DUPLO for the win!
I mean, why learn shapes and symmetry the boring way when we can make them fun? Especially if your kid is a Duplo lover too!
What do you need for this activity?
Secure the yarn at the centre of the Duplo base board with sticky tape. This will be the mirror line. Make half of a shape with blocks and invite your child to complete the shape by making a mirror image with the blocks.
Fun challenges for the older kids
One challenge is to ask your child to predict the shape first before working on the mirror image. The heart shape was an easy one to guess for my 5yo. Square and rectangle were more tricky. Another interesting extension for older children: challenge them to build half a square and invite them to check their answer by building the mirror image. The shape will likely end up to be a rectangle in the first attempt. This is a good opportunity to highlight the property of a square having 4 equal sides and challenge them to correct their original half square again.
Here’s another idea to use this Duplo board for learning symmetry: Make random patterns on one side. Make it more challenging for older kids by 1) stacking the blocks and 2) placing the blocks further away from the mirror line.
For the beginners
If your child is new to symmetry, start with just a few blocks, say 3 to 5 blocks and place them near the mirror line. Check out how Fun Learning for Kids does her Duplo Symmetry with her son here – having the blocks near the mirror line makes it easier for kids to see the ‘mirror image’ of the blocks on the other side.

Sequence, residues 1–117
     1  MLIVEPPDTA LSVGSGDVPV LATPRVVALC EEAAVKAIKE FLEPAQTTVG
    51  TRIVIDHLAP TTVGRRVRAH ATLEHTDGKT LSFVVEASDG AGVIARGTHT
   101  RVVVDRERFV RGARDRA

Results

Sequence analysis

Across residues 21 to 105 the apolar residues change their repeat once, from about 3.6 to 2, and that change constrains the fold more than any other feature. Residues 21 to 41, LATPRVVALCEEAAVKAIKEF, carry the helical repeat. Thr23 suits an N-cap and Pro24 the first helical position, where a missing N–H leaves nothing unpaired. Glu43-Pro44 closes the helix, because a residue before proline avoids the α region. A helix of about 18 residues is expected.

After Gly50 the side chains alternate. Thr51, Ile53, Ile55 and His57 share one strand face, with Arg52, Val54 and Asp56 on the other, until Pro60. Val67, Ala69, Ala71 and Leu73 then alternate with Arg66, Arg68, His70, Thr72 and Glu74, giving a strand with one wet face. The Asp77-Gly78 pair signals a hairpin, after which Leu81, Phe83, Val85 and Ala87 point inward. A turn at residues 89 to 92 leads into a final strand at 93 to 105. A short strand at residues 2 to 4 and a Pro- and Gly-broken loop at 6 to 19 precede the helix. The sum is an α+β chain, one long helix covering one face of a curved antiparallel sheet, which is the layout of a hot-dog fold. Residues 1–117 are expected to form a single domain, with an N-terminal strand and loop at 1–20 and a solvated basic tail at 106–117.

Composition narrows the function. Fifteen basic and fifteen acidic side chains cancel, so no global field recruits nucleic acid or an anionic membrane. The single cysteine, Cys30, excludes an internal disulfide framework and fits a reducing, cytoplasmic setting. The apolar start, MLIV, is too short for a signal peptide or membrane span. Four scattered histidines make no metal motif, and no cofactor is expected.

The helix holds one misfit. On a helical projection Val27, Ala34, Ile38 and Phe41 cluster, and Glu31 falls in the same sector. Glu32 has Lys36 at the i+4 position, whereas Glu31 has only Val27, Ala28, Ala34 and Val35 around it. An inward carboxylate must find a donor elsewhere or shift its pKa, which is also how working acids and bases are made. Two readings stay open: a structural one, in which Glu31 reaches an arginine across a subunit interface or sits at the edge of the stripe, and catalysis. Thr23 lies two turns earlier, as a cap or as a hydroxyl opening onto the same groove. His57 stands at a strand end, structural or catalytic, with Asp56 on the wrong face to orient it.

Learning symmetry can be so much fun… with DUPLO!
You know this learning activity is a success when your kids go further and extend the activity on their own! My son decided to fill in the heart shape AND he made sure the colors were symmetrical too!
He made a face too and yes, it’s a symmetrical one!
When is a good time to introduce symmetry to kids?
My son began truly getting the idea of symmetry when he was around 4yo. He’s 5 now and he is pretty advanced in his symmetry game. But since he started recognizing colors and shapes, I have been talking to him about symmetry everywhere. When we saw a butterfly in the garden, I shared with my son about how the patterns on the left wing is the same as the right wing. I picked up a leaf, folded it in half and showed him how both sides of the leaf perfectly match. We see symmetry everywhere in nature, art, buildings and so on and they are all wonderful opportunities to introduce symmetry to children, especially the toddlers.
Here are more ways to build on your child’s concept of symmetry:
- Butterfly Squish Art by The Craft Train
- Symmetry Lego Butterfly by Mama.Papa.Blubba
- Finding Symmetry in Nature by Buggy and Buddy
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